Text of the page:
The UK Government has been accused of “overconfidence” in its ability to reliably predict threats to Britain’s security.
A new report published by the Commons defence committee today urges ministers to focus instead on developing military flexibility.
It has been released in the run-up of the forthcoming Strategic Defence and Security Review (SDSR) and it brands the current approach “flawed”.
Committee chairman, Tory MP Julian Lewis, said the review needed to deliver a structure for the armed forces in which they could adapt and react appropriately to crises.
The report – entitled Flexible Response? – identifies increases in extremism, cyber-attack and the potential for Russian aggression in Europe as threat areas.
It also notes the growing instability in the Middle East and North Africa, potential for conflict in the South and East China seas, as well as the prospect of hybrid warfare undermining the international rules-based order.
A series of “general vulnerabilities” are outlined, including inadequate training opportunities for the armed forces – as well as a lack of numbers – and insufficient expertise in Whitehall.
The committee will mark the review, due to be published on Monday, against its checklist.
Mr Lewis said: “There is overconfidence in government that it can reliably predict which threats will transpire. History has proven that this approach does not work.”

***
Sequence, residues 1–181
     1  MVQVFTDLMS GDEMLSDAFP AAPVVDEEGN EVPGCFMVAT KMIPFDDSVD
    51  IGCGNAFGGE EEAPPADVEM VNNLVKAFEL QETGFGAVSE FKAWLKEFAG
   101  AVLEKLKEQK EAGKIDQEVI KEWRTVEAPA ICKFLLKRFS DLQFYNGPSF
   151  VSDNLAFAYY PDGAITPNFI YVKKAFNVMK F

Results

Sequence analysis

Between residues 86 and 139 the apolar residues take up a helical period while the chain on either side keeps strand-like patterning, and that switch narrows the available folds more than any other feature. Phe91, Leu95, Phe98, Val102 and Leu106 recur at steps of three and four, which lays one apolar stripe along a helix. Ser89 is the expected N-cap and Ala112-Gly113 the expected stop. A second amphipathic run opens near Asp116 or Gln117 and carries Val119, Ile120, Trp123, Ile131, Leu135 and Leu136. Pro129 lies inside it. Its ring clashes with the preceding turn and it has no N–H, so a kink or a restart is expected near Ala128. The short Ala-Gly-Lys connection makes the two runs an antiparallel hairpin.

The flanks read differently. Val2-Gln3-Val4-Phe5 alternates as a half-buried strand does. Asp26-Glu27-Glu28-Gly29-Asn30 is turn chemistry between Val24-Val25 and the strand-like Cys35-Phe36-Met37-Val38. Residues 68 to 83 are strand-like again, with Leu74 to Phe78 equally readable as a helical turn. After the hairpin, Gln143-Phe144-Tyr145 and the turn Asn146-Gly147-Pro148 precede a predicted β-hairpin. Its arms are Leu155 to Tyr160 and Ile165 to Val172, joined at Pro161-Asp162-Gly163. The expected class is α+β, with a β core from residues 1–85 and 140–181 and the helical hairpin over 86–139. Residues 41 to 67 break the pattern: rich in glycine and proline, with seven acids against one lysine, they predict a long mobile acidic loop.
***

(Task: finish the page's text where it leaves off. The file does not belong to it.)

Dunfermline and West Fife MP Douglas Chapman, the committee’s SNP member, insisted the need to focus on the most fundamental aspects of defence was becoming “increasingly clear”.
He said he could not understand how spending up to £167billion on Trident renewal could be viewed as a higher priority than recruitment and retention of service personnel.
Northern isles MP and Liberal Democrat home affairs spokesman Alistair Carmichael described flexibility as “essential”.
The former Scottish secretary said: “We live in an ever-changing world and sometimes the pace of change can be phenomenal. We need armed forces that are capable of protecting us in that world.”
The report challenges the UK Government’s methodology of assigning threats to three groupings.
It says the government’s ‘tiered’ approach to mapping the threat picture – soon to be set out in the National Security Strategy – is “flawed in assuming that the probability of potential threats becoming actual ones can reliably be predicted.”
Therefore, military flexibility rather than crisis prediction, should underpin the national strategy, it concludes.
In the 2010 SDSR, the Government pledged to undertake such a review every five years.